French connection: After 1,300 years, there’s a bridge to Mont Saint-Michel

    French connection: After 1,300 years, there’s a bridge to Mont Saint-Michel

    The ugly causeway is being dismantled, an elegant connection erected in its place. So everyone’s happy, right?
    Frank Mugisha: Uganda's most outspoken gay rights activist on changing people's attitudes, coming out, and the threat of being attacked

    Frank Mugisha: 'Coming out was a gradual process '

    Uganda's most outspoken gay rights activist on changing people's attitudes, coming out, and the threat of being attacked
    Radio 1 to hire 'YouTube-famous' vloggers to broadcast online

    Radio 1’s new top ten

    The ‘vloggers’ signed up to find twentysomething audience
    David Abraham: Big ideas for the small screen

    David Abraham: Big ideas for the small screen

    A blistering attack on US influence on British television has lifted the savvy head of Channel 4 out of the shadows
    Florence Knight's perfect picnic: Make the most of summer's last Bank Holiday weekend

    Florence Knight's perfect picnic

    Polpetto's head chef shares her favourite recipes from Iced Earl Grey tea to baked peaches, mascarpone & brown sugar meringues...
    Horst P Horst: The fashion photography genius who inspired Madonna comes to the V&A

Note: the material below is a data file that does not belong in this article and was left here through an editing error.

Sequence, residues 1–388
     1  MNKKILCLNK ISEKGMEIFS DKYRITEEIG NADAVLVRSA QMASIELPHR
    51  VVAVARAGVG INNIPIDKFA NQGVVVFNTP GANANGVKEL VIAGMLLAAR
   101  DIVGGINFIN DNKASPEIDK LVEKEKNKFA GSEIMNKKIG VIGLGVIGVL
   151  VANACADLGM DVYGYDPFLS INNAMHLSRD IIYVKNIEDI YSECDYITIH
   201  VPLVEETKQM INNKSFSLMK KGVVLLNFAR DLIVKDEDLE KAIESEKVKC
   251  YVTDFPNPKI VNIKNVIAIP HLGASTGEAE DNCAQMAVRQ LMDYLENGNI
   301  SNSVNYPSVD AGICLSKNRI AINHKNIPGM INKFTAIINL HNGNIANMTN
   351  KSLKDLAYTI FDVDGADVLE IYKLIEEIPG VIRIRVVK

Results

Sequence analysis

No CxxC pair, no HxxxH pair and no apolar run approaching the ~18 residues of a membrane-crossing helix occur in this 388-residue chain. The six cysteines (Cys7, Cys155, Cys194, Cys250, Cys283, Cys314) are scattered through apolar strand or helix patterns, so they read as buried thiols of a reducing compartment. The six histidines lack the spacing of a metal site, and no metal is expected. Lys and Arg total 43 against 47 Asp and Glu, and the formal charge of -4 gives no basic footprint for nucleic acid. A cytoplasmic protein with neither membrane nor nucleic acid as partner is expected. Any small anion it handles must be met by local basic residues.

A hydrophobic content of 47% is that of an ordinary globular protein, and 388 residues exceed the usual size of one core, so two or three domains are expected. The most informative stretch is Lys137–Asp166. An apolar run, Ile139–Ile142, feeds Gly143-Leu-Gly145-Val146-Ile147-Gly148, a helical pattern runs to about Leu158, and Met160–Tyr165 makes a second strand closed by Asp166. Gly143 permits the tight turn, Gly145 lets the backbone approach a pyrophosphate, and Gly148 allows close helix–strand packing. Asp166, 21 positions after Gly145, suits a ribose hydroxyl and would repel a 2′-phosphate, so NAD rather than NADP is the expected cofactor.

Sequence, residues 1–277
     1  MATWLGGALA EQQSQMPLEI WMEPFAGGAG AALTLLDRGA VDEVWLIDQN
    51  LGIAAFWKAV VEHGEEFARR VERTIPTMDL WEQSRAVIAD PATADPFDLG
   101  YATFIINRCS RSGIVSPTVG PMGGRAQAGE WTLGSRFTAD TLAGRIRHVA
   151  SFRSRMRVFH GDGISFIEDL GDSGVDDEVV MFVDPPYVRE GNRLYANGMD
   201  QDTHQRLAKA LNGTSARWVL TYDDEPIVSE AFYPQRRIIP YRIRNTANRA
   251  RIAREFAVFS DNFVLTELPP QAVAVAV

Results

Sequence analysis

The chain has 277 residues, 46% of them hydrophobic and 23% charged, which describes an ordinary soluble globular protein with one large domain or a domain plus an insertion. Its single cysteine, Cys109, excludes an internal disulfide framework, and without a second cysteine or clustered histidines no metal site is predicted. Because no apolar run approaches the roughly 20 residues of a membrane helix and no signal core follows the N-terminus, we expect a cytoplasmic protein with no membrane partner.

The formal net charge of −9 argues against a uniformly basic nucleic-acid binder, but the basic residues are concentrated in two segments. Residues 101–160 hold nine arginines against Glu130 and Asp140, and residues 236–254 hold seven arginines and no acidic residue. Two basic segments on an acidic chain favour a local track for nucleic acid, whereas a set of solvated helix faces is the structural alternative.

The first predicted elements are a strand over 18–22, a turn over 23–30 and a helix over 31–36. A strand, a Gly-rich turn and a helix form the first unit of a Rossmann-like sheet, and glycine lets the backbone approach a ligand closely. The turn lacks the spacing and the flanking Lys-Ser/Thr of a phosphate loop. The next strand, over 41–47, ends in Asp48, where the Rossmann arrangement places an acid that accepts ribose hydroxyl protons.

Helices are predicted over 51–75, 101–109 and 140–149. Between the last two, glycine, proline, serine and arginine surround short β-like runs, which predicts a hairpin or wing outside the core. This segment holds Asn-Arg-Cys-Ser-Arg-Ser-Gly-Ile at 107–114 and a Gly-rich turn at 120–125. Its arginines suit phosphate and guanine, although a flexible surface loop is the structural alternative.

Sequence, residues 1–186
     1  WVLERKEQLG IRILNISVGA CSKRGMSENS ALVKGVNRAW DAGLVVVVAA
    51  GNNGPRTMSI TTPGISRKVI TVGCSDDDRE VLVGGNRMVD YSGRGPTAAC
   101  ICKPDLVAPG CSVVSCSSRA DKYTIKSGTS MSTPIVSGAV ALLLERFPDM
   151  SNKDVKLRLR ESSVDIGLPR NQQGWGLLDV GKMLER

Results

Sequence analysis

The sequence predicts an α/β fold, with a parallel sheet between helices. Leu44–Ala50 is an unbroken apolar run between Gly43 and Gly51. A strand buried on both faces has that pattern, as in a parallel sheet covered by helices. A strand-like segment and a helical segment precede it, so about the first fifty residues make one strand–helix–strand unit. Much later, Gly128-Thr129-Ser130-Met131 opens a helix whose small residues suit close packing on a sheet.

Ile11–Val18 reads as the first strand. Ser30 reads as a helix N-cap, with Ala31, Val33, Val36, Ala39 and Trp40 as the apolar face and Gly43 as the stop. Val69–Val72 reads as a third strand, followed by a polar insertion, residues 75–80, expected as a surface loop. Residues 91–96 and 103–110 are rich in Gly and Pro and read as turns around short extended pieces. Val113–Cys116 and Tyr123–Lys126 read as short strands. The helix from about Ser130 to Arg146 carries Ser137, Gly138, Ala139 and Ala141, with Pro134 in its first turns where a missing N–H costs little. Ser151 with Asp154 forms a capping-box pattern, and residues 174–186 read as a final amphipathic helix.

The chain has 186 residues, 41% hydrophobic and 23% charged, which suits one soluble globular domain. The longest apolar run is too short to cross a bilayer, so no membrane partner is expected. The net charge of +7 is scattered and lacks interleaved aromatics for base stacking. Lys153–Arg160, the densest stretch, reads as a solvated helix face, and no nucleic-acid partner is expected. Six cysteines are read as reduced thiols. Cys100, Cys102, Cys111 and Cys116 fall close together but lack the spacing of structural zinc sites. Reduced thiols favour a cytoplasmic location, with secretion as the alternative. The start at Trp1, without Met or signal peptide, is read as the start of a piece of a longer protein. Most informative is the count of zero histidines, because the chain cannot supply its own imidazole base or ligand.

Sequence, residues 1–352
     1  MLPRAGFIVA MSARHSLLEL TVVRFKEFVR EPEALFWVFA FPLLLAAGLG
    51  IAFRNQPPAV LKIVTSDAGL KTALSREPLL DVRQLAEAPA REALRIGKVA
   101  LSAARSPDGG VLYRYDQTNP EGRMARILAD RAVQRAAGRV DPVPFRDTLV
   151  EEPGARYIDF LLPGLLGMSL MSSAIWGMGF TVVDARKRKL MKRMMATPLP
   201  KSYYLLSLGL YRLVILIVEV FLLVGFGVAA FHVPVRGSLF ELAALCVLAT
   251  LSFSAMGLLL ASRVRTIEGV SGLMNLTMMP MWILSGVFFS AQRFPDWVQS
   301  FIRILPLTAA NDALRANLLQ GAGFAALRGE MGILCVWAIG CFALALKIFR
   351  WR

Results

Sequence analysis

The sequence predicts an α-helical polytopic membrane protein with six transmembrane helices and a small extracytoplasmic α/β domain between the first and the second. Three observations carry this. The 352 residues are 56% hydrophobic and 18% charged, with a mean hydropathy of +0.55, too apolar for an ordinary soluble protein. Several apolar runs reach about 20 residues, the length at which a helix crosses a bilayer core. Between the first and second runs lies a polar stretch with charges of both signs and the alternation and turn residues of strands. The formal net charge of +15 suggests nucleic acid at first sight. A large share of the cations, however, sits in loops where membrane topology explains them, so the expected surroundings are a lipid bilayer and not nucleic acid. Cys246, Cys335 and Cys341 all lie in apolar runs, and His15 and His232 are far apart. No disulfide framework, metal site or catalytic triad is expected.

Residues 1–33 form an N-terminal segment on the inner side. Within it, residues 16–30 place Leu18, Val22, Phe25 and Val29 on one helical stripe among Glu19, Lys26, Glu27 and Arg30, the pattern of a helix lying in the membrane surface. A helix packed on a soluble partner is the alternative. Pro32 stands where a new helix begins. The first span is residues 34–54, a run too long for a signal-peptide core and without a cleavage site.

Horst P Horst comes to the V&A

    The London's museum has delved into its archives to stage a far-reaching retrospective celebrating the photographer's six decades of creativity
    Mark Hix recipes: Try our chef's summery soups for a real seasonal refresher

    Mark Hix's summery soups

    Soup isn’t just about comforting broths and steaming hot bowls...
    Tim Sherwood column: 'It started as a three-horse race but turned into the Grand National'

    Tim Sherwood column

    I would have taken the Crystal Palace job if I’d been offered it soon after my interview... but the whole process dragged on so I had to pull out
    Eden Hazard: Young, gifted... not yet perfect

    Eden Hazard: Young, gifted... not yet perfect

    Eden Hazard admits he is still below the level of Ronaldo and Messi but, after a breakthrough season, is ready to thrill Chelsea’s fans
    Tim Howard: I’m an old dog. I don’t get too excited

    Tim Howard: I’m an old dog. I don’t get too excited

    The Everton and US goalkeeper was such a star at the World Cup that the President phoned to congratulate him... not that he knows what the fuss is all about
    Match of the Day at 50: Show reminds us that even the most revered BBC institution may have a finite lifespan – thanks to the opposition

    Tom Peck on Match of the Day at 50

    The show reminds us that even the most revered BBC institution may have a finite lifespan – thanks to the opposition